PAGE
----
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Tragedy Leads To New Watersports Opportunities

15:22 21st January 2014 by Amy Carter
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A tragedy sparks a new bursary for young people in watersports.

milosmum

Milo’s Mum

A bursary set up in honour of a talented watersports instructor and newly qualified RYA yachtmaster who died tragically in an accident in France, has raised over £20,000 in just a few months.

Michael Hanlon, known as Milo, was a Seafarers UK sponsored cadet at youth charity UKSA and had completed his first phase of training at the Cowes campus. He was just starting out on the career of his dreams – working on a superyacht – when he died in April 2013 at the age of 22.

A JustGiving page set up in his memory has since recorded huge donations, from crew and vessels within the superyacht industry, a substantial donation from Seafarers UK, friends and family of Milo, and UKSA staff.

On behalf of his parents Bob and Fiona, and his sister Claire, UKSA created the Michael (Milo) Hanlon UKSA Bursary for young people like Milo: those who are passionate about the water and who love sharing that passion, but who couldn’t normally access or afford the training they need to get started.

Funding is available for young people entering into entry level courses in yachting, hospitality, engineering, watersports and UKSA’s Cadetship programme.

Emma Baggett, UKSA’s Cadetship manager, said: “After the tragedy of Milo’s death, we all wanted his energy, extraordinary character and life, celebrated and remembered. By creating this opportunity young people will be able to walk in his footsteps onto exciting and challenging careers.”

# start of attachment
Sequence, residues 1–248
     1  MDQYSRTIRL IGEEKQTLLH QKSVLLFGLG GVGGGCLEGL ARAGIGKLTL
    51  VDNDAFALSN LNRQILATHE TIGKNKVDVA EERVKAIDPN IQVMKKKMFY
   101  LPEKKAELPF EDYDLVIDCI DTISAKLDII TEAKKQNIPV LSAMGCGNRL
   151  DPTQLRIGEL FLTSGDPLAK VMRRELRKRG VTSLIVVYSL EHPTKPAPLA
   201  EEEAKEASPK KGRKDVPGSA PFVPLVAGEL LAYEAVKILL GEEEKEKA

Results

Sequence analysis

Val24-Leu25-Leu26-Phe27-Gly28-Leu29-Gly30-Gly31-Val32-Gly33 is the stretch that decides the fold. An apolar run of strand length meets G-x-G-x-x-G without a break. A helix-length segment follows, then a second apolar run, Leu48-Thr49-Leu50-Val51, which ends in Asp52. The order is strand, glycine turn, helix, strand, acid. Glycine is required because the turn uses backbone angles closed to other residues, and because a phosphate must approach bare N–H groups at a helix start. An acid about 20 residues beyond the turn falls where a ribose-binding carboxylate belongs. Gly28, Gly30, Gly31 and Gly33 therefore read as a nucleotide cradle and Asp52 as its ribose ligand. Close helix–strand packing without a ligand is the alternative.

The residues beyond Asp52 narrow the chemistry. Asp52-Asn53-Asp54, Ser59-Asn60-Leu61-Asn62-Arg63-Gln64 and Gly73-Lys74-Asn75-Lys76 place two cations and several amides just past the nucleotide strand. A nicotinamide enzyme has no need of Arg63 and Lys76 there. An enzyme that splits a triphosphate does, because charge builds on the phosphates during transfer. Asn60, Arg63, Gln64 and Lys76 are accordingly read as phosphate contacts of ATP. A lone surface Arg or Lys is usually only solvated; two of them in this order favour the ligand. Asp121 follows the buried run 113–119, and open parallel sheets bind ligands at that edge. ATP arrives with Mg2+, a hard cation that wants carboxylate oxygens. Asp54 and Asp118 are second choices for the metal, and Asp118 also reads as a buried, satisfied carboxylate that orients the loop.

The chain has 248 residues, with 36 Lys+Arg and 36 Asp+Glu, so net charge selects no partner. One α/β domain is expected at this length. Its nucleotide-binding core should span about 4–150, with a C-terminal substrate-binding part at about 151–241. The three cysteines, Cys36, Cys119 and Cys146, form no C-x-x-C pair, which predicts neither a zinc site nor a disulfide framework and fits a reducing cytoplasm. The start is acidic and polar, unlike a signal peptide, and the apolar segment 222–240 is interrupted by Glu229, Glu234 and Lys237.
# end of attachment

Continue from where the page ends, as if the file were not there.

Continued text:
Some young people have already received funding as a result of the bursary.

Roxy Jacobson, 20, from Dorset, was awarded just under £3,000 to do the Watersports Instructor Training course, which is her dream come true.

“Before I was doing event management and not really enjoying it, so this funding has given me the opportunity to put my dream into action as I would never have afforded it by myself.

“It is an eight-week course and after I either want to do a season with UKSA as I love it here, or go abroad into the sun for a bit and work somewhere hot.

“Although I never met Milo, I met his mum and I have been so inspired to make my dreams happen.”

Sam Shorten, 20, of Southampton, is on the same course and the money awarded (just under £2,000) has allowed him to move away from what he described as a dead-end job.

“I am now doing something I love. I came to UKSA to do volunteer work but my wish came true with this training. I would like to work here eventually, it is such a nice place.”

UKSA is a youth charity offering transformational opportunities for young people through watersports and yachting.

To donate, go to http://www.justgiving.com/MichaelMiloHanlon

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